October 6, 2021
Getting Started with Product Design Visualization
Getting started with product design visualization is easy.
Currently most engineering is accomplished using 3D modeling software’s. It can be done in solids, surfaces, meshes, nurb curves etc. It can be done as freeform, sculpted, parametric design, AI driven even. The possibilities are endless.
Still, somehow, it’s a common misconception in the manufacturing community that product design visualization is a niche discipline and is out of reach. Many companies even think that their products don’t require any type of product rendition because they are not doing consumer products. The fact is, that technologies and 3D models are so common and easily available now a days, that it is assumed by consumers that products are available to view on demands. One would expect to go on a manufacturer’s web site and view catalog products. That goes for any type of products, even heavy-duty industrial machinery. Lacking in product showcases can leave a diminished and negative perception of quality and services by a typical buyer. If people buy with their eye’s, setup a digital photo studio and give them eye candy.
As the title of this blog implies, getting started with product design visualization is easy. In all Autodesk Collection of software’s is included 3DS Max. 3DS Max is an industry standard for 3d modeling, animation, special effects and obviously rendering. It’s comprehensible that at first glance such a software can be intimidating with the thousands of tools and features. Many users opened it just to close it immediately in fright after seeing the user interface. But when it’s come to basic visualization you will only need a hand full of those features. The workflow for a basic Photo studio style visualization is as easy as this:
- Import your model
- Adjust materials to taste
- Set up environment
1. Import your model
3DS Max support lots of different file types. The list shown here cover lots of ground and enable easy and efficient importation from any provenance.
2. Adjust materials to taste
The simplified material editor (Compact mode) is simple to use. I strongly recommend using the physical material since these materials have built in templates for quick creation and those materials are compatible with most renderers.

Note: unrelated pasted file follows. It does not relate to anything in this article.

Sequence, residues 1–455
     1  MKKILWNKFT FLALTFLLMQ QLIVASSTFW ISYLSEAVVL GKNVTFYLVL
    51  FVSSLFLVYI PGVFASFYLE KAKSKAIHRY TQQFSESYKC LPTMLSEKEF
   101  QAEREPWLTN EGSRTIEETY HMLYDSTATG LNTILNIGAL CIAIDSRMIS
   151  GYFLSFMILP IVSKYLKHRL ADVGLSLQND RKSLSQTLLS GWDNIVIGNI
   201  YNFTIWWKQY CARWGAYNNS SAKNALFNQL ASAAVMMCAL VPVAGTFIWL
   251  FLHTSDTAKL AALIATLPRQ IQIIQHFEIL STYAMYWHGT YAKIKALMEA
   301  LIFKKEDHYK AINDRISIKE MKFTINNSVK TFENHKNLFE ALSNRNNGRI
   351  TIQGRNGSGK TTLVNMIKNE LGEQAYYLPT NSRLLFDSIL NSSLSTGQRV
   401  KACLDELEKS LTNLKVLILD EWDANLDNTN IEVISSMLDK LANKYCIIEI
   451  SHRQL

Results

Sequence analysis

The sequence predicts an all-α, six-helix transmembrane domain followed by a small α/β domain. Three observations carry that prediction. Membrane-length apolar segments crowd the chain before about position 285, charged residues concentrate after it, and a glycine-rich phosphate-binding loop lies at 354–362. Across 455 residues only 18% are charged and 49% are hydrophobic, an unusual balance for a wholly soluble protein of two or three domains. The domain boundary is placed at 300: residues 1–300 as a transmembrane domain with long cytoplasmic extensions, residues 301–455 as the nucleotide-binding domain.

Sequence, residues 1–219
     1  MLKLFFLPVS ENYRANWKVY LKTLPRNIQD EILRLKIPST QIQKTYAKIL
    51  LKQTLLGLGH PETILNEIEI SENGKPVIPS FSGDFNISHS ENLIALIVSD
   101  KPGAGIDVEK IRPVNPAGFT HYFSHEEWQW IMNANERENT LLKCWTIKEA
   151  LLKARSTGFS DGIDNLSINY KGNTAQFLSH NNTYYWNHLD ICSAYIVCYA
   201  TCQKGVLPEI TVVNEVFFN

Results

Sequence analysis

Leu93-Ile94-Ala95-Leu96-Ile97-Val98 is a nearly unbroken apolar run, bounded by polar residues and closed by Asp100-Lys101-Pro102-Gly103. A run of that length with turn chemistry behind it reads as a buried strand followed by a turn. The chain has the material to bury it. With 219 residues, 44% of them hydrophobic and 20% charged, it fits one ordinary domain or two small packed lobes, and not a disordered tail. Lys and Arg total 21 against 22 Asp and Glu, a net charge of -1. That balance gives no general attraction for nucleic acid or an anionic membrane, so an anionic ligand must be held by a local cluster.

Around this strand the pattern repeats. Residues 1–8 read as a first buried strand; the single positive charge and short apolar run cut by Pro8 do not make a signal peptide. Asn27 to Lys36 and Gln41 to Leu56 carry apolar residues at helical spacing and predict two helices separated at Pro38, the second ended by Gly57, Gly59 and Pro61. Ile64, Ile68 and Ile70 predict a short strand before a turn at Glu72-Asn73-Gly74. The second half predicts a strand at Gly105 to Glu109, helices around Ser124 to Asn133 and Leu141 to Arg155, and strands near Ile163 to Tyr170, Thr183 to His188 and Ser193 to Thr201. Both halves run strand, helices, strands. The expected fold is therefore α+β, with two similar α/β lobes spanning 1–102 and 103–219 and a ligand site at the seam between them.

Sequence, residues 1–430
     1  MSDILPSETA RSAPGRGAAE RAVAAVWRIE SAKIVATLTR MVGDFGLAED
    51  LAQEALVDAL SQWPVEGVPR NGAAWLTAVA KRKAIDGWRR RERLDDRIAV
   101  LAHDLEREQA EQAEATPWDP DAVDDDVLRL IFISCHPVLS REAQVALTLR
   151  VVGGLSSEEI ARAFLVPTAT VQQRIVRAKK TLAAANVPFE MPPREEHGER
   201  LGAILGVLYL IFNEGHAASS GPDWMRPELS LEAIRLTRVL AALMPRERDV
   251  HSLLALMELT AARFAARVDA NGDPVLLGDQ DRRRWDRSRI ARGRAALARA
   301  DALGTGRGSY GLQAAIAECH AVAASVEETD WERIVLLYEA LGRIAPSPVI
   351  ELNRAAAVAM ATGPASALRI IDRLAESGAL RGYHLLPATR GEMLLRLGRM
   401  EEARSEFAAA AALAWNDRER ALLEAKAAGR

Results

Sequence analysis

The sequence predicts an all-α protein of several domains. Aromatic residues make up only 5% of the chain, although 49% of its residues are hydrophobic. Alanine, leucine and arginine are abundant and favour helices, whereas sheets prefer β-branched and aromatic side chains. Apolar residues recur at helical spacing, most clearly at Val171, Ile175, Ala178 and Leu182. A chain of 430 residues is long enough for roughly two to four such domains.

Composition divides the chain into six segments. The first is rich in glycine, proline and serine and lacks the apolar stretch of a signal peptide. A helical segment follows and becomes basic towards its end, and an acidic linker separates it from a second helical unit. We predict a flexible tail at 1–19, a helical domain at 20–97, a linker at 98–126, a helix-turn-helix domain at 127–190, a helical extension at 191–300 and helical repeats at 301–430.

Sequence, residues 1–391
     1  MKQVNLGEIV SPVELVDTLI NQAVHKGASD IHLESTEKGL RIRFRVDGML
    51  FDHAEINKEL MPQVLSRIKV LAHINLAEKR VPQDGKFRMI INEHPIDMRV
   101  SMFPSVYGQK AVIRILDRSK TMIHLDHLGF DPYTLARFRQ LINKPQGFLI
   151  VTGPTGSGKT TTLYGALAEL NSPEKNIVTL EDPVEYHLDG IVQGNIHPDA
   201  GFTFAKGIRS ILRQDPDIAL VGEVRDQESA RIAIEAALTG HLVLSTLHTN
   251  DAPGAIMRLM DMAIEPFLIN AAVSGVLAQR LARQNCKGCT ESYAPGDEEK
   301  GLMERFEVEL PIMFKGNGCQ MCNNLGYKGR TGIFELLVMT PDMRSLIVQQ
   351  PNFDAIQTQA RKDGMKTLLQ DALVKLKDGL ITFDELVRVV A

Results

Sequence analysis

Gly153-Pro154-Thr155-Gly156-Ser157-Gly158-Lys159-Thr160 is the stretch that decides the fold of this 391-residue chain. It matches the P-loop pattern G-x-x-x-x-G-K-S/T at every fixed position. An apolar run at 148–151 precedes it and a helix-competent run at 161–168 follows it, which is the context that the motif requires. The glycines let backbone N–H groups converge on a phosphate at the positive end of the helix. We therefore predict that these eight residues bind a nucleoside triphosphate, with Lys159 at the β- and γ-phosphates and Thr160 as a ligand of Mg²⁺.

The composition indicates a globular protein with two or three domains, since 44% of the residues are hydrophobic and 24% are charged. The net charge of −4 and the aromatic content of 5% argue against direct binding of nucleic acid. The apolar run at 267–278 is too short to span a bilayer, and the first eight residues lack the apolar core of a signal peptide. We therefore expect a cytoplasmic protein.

3. Setup Environment
In the environment dialogue box, a high dynamic range image can be imported as the scenes background. Those HDRI images do not only
act as the scene environment but also act as the lighting scheme for the scene. This makes lighting a scene with the desired look a breeze. The high dynamic range image can also be used only as light. The actual environment don’t have to be shown to light the scene so another image can be used as a background. Having real lighting with a backdrop type background creates an excellent studio photoshoot space. 3DS Max come bundled with dozens of High dynamic range images but these images can be easily found by the thousands on the web.
From there you can render from the viewport as a point and shoot type of work. Cameras can also be created for more control and repeatability. To prove my point, I have done more examples of studio photoshoot style render’s. We can clearly see that this type of rendering is very suitable for manufacturing and industrial products and won’t break the bank.
The learning curve of achieving your first renders with 3DS Max is not steep at all!
Basic software file management, navigation and manipulation are the same as any other software and those knowledges are transposed with no effort. Learning how to set the environment dialogue box, how to use the material editor and how to adjust cameras will require a little work, but not much.
Ask your Sale’s representative at SolidCAD about our new 2 days training; 3DS Max – Photo Studio Rendering.
Bring your 3D design to life with 3DS Max.